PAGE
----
[DE 97]. [DE 98]. [DE 107]; [DE 108]. [DE 127]. 4
Injunction" without prejudice on equitable grounds12 and issued a Phase Two Scheduling Order13 setting a June 7, 2010 jury trial on the issues of damages, willfulness, enhanced damages, attorneys' fees, and injunctive relief. On April 4, 2010, I held a pre-trial conference and referred the parties to Magistrate Judge William Turnoff for a settlement conference. Although the parties were unable to resolve the outstanding issues in their entirety, the parties were ultimately able to agree on an actual damages figure of $112,500.14 They also agreed to waive their right to a jury trial and requested a bench trial on the issues of willfulness, enhanced damages, attorneys' fees, and injunctive relief.15 The bench trial was conducted on June 10, 2010. Having considered the relevant submissions and the arguments of the parties as presented at the bench trial, I now find and conclude as follows. III. 1. Findings of Fact This case involves a dietary supplement known as dicreatine malate16 and arises out of Creative's past and ongoing infringement of the claims of Starmark's `373 Patent, as well as the invalidity of Creative's `273 Patent.
[DE 132]. Although Creative sought mandamus relief from the Federal Circuit with respect to this Order, its petition was denied on March 24, 2010.
[DE 134]. See [DE 160]. See [DE 161].
Creatine salts are used in athletic training and other endeavors. Creatine is difficult to efficiently absorb in the body. Therefore, producing a supplement that increases the absorption of creatine has long been a desired goal in the supplement industry and has great value to consumers, manufacturers, and distributors. 5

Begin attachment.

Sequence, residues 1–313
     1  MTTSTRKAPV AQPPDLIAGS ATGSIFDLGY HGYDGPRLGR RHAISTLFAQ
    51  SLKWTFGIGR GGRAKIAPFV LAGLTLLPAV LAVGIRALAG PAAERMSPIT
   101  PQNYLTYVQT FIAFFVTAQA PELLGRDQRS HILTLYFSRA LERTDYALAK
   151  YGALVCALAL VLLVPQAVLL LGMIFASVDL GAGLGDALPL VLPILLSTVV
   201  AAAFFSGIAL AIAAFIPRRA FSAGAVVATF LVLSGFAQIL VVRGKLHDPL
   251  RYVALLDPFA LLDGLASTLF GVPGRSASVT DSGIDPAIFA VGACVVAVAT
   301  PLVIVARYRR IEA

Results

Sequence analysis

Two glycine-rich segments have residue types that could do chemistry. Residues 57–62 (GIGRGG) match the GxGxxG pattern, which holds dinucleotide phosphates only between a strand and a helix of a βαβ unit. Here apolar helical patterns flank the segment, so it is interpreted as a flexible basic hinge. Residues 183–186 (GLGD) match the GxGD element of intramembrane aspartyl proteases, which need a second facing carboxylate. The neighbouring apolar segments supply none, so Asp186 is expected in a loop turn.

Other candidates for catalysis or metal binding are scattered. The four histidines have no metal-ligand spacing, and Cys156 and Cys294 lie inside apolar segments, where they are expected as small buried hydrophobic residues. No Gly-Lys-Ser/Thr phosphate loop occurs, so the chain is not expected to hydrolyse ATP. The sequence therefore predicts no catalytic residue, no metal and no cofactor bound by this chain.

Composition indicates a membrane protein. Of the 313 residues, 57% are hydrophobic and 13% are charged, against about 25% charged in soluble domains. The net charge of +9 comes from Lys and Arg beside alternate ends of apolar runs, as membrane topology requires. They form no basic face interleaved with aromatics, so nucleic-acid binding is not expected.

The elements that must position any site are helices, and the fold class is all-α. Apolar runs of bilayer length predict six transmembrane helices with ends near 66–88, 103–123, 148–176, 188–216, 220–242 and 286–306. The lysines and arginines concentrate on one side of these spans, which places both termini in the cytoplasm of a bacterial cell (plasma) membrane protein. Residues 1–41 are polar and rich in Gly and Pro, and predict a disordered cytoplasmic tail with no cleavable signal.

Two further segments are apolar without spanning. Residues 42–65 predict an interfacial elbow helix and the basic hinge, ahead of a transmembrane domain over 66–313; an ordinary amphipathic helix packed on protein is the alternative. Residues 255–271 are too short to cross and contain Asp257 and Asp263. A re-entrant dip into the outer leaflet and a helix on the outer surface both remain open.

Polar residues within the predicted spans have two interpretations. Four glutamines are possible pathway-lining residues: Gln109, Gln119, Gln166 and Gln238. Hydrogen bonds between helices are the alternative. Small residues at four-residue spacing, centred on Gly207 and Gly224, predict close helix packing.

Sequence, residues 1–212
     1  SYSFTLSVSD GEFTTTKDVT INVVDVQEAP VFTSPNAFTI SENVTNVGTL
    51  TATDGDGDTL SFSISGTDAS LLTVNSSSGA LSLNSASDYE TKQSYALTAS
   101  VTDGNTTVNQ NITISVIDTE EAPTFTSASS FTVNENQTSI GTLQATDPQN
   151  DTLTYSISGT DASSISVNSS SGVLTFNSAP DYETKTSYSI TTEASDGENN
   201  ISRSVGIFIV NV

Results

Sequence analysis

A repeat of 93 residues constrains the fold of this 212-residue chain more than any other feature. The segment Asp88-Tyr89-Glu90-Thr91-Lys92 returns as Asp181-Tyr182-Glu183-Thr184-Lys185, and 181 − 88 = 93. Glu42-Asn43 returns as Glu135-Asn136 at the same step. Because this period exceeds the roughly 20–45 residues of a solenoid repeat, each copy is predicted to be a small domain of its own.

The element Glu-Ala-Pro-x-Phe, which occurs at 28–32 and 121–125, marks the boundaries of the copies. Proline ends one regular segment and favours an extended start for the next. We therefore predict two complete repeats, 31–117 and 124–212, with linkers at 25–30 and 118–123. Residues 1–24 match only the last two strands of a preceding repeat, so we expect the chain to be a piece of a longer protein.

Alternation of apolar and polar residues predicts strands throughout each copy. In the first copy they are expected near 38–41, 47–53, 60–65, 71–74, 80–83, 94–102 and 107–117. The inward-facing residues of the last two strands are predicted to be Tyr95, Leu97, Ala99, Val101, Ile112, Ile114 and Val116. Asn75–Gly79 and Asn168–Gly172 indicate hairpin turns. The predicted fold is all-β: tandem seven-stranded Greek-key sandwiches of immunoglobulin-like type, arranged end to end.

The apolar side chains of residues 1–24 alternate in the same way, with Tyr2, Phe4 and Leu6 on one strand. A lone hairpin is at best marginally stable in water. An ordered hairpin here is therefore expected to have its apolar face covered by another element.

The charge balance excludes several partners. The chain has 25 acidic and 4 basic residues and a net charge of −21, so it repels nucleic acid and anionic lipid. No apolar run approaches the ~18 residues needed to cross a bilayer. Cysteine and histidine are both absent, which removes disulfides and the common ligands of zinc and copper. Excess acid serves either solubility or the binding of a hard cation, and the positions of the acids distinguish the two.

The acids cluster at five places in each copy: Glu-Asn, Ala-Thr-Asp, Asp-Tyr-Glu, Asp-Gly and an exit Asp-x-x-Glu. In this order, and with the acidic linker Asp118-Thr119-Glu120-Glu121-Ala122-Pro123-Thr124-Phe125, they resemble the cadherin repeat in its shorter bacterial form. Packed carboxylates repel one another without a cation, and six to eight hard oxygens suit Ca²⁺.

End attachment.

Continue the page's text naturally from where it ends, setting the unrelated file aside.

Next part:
In 1994, Mr. Matthias Boldt ("Boldt"), President and CEO of Starmark, experimented with a number of creatine compounds and began to market several such compounds.
In December 2002, Mr. Boldt submitted a provisional patent application to the United States Patent and Trademark Office ("USPTO") entitled "Di- and Tri-Creatine Malate and Malate and Method of Making Same."
In December 2003, Mr. Boldt filed a non-provisional utility patent application entitled "Creatine Salts and Method of Making Same" with the USPTPO.
On April 30, 2003, Gary Haynes ("Haynes"), President and CEO of Creative, and Derek Cornelius, a Creative consultant, filed a patent application for "Dicreatine Malate" with the USPTO.
In January 2002, prior to the time Mr. Boldt submitted the aforementioned provisional patent application, Mr. Haynes exchanged a number of emails with Chinese manufacturers referencing dicreatine malate, and on April 4, 2002, Joey Rodrigues a consultant who worked for Mr. Cornelius from 1999 until he left to work for Mr. Boldt in approximately March 2002 authored a post on a BodyBuilding.com message board referencing "the idea of binding creatine to malic acid."
On September 19, 2006, the USPTO issued the `373 Patent, entitled "Creatine Salts and Method of Making Same," to Mr. Boldt and assignee SAN Corporation.
On October 31, 2006, the USPTO issued the `273 Patent, entitled "Dicreatine Malate," to Messrs. Cornelius and Haynes and assignee Creative.